It’s no small feat qualifying for a national tournament at any level, let alone as said tournament’s top seed, but St. Louis Community College’s men’s soccer squad accomplished just that and did so without a loss on their 2017 record.
The team competed in the NJCAA Div. I National Championship tournament this past week in Prescott, Arizona, winning their first game in pool play over Illinois Central before dropping their second contest to Piza (Arizona) and having a great season meet its end.
Talking to 101ESPN a couple hours after Wednesday’s loss, head coach Tim Mosby expressed his disappointment at how it all ended, but also his pride in what the Archers accomplished.
“It felt like at times we could have put that game away and we dominated play and that’s the part of this game that you hate. They finished their couple chances and we didn’t finish ours,” Mosby said. “We were right up there and one of the top programs and this is something to build on.”
And being up there with the top programs is commendable considering Mosby took over a program in 2014 that had just two wins the prior year. The Archers are now 64-20-4 on his watch and had been the top ranked team in the nation through much of October and heading into the nationals. Athletic director Shawn Summe is especially pleased to see an STLCC alum like Mosby lead the program’s turnaround.
“Tim has worked hard to continue building this program in his four years and we have seen tremendous growth,” Summe said. “As a program we have won 12 national titles, but we have not won one since 1989. So to see him have the success as an alum makes it that much sweeter for him.
“The players have worked hard on and off the field and they have really bought into the goal on the field, which is to compete for a national championship,” Summe added. “But it is also a positive to see them compete in the classroom as well.”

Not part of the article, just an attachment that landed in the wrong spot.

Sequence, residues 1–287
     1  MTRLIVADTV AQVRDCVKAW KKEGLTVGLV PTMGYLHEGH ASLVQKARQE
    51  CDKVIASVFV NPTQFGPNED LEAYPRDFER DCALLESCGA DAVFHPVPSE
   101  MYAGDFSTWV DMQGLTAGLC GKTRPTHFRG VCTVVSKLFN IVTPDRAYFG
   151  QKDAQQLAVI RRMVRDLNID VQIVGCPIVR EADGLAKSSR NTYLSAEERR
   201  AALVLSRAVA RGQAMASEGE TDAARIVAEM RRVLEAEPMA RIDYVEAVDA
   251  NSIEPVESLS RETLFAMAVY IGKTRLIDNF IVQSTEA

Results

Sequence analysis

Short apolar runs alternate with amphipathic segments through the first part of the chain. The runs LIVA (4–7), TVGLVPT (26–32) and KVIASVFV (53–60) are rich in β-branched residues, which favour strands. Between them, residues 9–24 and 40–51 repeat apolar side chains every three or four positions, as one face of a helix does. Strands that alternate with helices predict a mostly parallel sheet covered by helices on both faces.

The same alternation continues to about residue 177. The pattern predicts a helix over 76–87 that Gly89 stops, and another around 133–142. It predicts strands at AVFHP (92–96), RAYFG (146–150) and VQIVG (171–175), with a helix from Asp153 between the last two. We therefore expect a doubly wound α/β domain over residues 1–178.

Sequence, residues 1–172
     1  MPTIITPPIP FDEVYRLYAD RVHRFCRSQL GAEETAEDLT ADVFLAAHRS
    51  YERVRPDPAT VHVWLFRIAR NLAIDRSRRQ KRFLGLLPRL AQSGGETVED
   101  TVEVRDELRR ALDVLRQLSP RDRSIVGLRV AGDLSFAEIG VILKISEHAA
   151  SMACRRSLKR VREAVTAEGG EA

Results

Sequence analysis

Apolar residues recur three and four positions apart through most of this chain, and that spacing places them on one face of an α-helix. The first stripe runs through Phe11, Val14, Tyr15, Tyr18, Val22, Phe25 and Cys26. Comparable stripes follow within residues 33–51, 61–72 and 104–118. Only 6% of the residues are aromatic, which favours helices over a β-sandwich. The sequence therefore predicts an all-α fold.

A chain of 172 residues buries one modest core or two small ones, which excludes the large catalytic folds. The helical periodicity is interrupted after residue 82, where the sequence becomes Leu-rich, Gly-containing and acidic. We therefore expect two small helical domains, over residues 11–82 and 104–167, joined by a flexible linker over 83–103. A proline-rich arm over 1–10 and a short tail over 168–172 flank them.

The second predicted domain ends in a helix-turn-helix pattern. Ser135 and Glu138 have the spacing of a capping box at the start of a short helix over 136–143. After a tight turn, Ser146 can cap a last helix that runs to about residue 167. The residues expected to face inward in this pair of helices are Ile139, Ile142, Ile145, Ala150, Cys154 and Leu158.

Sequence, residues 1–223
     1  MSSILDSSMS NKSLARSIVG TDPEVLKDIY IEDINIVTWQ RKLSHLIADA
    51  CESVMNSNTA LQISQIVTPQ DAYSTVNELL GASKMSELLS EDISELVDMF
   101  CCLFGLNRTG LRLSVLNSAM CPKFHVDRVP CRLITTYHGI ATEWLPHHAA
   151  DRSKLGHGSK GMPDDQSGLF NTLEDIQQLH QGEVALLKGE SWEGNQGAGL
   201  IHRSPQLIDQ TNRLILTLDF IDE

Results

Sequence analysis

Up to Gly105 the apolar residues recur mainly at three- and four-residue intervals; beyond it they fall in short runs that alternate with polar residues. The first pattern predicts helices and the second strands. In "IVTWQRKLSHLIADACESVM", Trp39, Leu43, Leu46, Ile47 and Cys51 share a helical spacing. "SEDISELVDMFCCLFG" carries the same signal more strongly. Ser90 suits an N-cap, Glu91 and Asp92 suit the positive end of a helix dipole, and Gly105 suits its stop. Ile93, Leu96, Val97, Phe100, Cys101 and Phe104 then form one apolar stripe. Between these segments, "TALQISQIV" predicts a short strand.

Which is something else Mosby touched on briefly in our chat: The importance and the difficulty of managing a program at the less-glorifed JUCO level.
“In junior college we try to help kids who are struggling,” Mosby said. “I got my chance at a junior college and it helped me gain a nice platform to my education. I wasn’t a great high school student, but junior college was great for development and I think it helps these guys as well.”
“I think the two-year schools don’t get enough credit for what they do,” Mosby added. “It’s a little bit easier at a four-year when you can keep guys around three or four years and know they’re coming back. The object of our guys is to make it to a four-year school.”
Like any collegiate-level soccer program STLCC has an international component, which brings with it differing styles of play and personality. These were early season obstacles Mosby tried to nip in the bud.
“You just kind of have to let it play out the first couple weeks and see what you have personality wise,” the coach said. “You’re going to have guys who are fiery and passionate and you’re going to have guys who are quiet leaders. You just have to figure it out.
“I said, ‘We don’t necessarily have to be best friends, but when you’re on the field you’ve got to get along.”
Judging by the Archers’ record under Mosby and surrendering just one loss — at the National Championships — It got along alright on the field. Mosby added that a national title is still the ultimate goal.
“We just need to see where we need to improve to compete with the nation’s best. It’s very exciting to go to the tournament. There are a lot of great teams. Our ultimate goal is to win the national championship and that’s what we’ll try to do.”